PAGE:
The Connection Between Age and Arthritis

It's one of the biggest misconceptions about arthritis. Most people believe that arthritis is an old person's disease and that it is entirely a consequence of aging. If that were the case, arthritis would be inevitable — and it's not.

According to the Centers for Disease Control and Prevention (CDC), arthritis is more common among adults aged 65 years or older, but people of all ages (including children) can be affected. "Nearly two-thirds of people with arthritis are younger than 65. Arthritis is more common among women (26%) than men (19%) in every age group, and it affects members of all racial and ethnic groups. Arthritis is also more common among adults who are obese than among those who are normal weight or underweight."

Two women facing each other holding an hourglass
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Most People With Arthritis Are Under 65 Years Old

One of the reasons people assume arthritis is an inevitable consequence of aging is that the risk of developing the most common type of arthritis, osteoarthritis, increases with age. The risk of developing osteoporosis, a condition often confused with osteoarthritis, also increases with age. Yet, as the CDC points out, the majority of people with arthritis are under 65 years old.

Of people 18 to 44 years old, 7.1% report doctor-diagnosed arthritis, according to the CDC. Of people who are age 45–64, 29.3% report doctor-diagnosed arthritis. In the 65 or older age group, 49.6% report doctor-diagnosed arthritis. While the risk of developing most types of arthritis increases with age, keep in mind that it is not the only contributing factor.

  • Osteoarthritis onset usually occurs after the age of 40.
  • Rheumatoid arthritis, an autoimmune inflammatory type of arthritis, can develop at any age.
  • Systemic lupus erythematosus usually develops between infancy and old age, with a peak occurrence between 15 to 40 years of age. Late-onset lupus can begin at age 50, according to some doctors, while others think the term should apply only when lupus develops in people over age 65.
  • Fibromyalgia is typically diagnosed in middle age and prevalence increases with age.
  • Childhood arthritis occurs in people up to 16 years of age.

Aging Affects the Musculoskeletal System

Aging does affect the musculoskeletal system. Our bones constantly undergo a process of bone absorption and bone formation, together known as remodeling. As we age, the balance between absorption and formation changes, leading to bone loss. Our bones become less dense and more fragile. The composition and properties of cartilage change as well. There is less water content in cartilage as we age, reducing its ability to cushion and absorb shock. Cartilage also goes through a degenerative process which is when arthritis can develop. Ligaments and other connective tissues become less elastic and flexible with age. Because of the changes that occur within the musculoskeletal system as we age, our joints typically develop a decreased range of motion. As cartilage breaks down, joints may become inflamed and painful.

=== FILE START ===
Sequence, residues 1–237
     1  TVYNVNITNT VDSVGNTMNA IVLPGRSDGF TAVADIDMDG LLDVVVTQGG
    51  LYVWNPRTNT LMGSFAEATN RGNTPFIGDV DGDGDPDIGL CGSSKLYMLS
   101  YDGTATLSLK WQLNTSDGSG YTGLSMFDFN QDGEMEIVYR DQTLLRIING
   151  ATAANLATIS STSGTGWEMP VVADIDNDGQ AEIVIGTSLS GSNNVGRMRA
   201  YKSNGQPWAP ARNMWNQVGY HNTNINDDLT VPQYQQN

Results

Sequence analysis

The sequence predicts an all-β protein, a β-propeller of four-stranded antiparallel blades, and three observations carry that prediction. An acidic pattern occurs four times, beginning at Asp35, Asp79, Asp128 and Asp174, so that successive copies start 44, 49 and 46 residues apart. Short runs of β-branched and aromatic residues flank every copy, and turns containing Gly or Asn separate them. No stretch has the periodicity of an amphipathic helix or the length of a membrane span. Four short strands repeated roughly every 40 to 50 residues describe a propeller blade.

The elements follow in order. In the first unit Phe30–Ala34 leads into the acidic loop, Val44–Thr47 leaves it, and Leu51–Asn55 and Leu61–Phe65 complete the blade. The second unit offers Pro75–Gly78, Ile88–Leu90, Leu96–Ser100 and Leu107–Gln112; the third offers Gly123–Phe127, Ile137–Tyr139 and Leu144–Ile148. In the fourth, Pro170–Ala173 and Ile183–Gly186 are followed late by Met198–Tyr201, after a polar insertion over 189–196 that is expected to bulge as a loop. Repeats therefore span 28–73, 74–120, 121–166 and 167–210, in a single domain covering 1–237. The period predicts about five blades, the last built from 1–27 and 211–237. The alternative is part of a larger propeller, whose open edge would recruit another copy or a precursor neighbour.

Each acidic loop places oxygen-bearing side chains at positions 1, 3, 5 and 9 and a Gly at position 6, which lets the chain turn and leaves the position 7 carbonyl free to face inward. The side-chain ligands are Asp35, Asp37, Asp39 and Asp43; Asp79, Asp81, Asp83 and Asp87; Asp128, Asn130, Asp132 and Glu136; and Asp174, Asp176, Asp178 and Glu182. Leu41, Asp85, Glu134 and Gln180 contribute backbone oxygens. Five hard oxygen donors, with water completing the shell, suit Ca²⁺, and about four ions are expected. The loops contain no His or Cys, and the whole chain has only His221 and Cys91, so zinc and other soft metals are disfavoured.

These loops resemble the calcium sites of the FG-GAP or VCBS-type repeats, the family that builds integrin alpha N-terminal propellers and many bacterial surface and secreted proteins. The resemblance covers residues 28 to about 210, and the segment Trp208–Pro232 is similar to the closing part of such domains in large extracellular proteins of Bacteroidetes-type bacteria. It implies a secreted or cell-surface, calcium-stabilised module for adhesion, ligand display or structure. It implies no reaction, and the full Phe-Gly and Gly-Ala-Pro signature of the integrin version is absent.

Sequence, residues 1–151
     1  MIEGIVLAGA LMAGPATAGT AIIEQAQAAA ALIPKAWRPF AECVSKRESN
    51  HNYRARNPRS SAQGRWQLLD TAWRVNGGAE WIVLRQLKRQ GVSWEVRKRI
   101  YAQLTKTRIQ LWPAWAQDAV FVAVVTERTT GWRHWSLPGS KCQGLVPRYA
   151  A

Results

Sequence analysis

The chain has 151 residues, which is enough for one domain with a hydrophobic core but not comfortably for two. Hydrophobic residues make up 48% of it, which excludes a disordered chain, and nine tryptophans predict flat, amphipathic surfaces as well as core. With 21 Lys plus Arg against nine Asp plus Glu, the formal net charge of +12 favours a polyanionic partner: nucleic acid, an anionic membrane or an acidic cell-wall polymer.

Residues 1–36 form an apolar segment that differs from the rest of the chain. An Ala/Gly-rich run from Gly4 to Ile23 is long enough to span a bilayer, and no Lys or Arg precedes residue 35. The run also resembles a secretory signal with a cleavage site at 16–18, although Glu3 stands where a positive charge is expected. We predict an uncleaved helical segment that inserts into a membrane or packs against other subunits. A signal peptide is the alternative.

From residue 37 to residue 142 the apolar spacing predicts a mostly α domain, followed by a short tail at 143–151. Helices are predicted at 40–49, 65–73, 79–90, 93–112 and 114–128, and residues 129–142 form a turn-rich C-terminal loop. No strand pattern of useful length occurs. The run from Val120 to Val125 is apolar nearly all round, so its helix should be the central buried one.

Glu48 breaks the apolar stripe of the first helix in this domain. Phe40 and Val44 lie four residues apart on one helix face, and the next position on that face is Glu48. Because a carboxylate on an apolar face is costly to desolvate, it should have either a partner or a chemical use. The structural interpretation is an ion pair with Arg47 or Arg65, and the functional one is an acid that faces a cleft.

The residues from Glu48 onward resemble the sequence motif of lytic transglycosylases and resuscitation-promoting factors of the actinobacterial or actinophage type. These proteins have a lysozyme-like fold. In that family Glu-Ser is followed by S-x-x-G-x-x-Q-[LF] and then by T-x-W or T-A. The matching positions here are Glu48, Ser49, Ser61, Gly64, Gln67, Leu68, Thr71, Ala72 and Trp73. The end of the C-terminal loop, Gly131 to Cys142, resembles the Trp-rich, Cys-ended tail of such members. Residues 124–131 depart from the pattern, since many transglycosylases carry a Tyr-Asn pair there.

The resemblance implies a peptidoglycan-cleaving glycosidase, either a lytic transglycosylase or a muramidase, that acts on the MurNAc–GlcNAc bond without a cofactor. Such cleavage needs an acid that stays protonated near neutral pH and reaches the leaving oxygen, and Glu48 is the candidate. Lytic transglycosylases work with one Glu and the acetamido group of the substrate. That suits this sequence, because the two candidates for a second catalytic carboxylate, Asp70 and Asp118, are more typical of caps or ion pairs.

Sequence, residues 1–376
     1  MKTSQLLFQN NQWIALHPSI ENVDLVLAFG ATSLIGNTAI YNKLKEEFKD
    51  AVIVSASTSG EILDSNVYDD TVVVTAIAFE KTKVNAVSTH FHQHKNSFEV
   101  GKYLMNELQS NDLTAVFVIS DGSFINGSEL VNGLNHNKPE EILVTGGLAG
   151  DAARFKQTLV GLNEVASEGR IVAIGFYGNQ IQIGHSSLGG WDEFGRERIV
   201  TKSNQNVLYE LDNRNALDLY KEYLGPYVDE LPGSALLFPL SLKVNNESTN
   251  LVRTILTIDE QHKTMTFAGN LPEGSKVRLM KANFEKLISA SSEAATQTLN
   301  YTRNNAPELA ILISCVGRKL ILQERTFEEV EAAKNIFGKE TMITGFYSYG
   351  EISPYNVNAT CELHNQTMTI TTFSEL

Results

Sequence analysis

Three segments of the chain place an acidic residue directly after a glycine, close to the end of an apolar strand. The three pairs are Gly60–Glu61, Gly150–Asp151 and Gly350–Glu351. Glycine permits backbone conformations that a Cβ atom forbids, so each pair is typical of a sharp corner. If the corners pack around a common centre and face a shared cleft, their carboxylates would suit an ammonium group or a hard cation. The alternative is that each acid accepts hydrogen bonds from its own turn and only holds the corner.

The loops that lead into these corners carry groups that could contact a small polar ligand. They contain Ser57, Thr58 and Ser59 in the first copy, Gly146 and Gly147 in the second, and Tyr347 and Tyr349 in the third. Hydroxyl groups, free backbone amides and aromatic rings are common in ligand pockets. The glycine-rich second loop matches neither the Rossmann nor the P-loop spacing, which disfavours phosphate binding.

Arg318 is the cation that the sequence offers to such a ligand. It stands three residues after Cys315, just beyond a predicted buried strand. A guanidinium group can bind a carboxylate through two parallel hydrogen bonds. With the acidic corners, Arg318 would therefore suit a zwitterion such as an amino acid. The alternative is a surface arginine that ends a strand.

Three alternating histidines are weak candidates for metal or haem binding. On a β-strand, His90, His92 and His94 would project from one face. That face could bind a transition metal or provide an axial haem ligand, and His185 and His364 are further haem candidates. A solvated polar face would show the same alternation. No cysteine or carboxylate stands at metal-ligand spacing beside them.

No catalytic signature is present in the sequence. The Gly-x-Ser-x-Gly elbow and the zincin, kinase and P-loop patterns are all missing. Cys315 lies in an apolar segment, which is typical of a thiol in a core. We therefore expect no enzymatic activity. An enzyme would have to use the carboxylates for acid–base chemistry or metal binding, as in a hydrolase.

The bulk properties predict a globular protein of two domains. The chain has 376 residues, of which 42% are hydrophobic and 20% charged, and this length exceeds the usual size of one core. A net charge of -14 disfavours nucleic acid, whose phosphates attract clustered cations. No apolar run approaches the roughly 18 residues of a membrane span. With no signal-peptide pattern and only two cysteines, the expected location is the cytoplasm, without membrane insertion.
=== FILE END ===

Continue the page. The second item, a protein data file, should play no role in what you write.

However, according to OrthoInfo, a publication of the American Academy of Orthopaedic Surgeons, the changes that occur in our musculoskeletal system are due more to disuse than aging. The Department of Health and Human Services cited that in 2017, “less than 5% of adults participate in 30 minutes of physical activity each day; only one in three adults receive the recommended amount of physical activity each week.”

While people tend to have an abundance of reasons why they don't participate in regular exercise, experts have stated that even a moderate amount of physical activity can be beneficial. Stretching and range of motion exercises help preserve flexibility. Weight training, or strength training as it is also called, can increase muscle mass and build strength. Regular exercise, over the long term, may slow the loss of muscle mass and stave off an age-related increase in body fat. We know that overweight and obesity increase the risk of osteoarthritis.

A commitment to exercise may counteract some of the effects of aging. We should view exercise as essential, not as optional.

3 Sources
Verywell Health uses only high-quality sources, including peer-reviewed studies, to support the facts within our articles. Read our editorial process to learn more about how we fact-check and keep our content accurate, reliable, and trustworthy.
  1. Center for Disease Control. At a Glance 2015 Arthritis: Addressing the Nation's Most Common Cause of Disability.

  2. Centers for Disease Control. Arthritis-Related Statistics. Last reviewed July 18, 2018.

  3. The US Department of Health and Human Services. Facts and Statistics Physical Activity. Last reviewed January 26, 2017.

Additional Reading
  • Effects of Aging. OrthoInfo. September 2009.

  • Arthritis At a Glance. Centers for Disease Control and Prevention. February 18, 2015.

  • Types of Arthritis. Centers for Disease Control and Prevention. August 1, 2011.

By Carol Eustice
Carol Eustice is a writer covering arthritis and chronic illness, who herself has been diagnosed with both rheumatoid arthritis and osteoarthritis.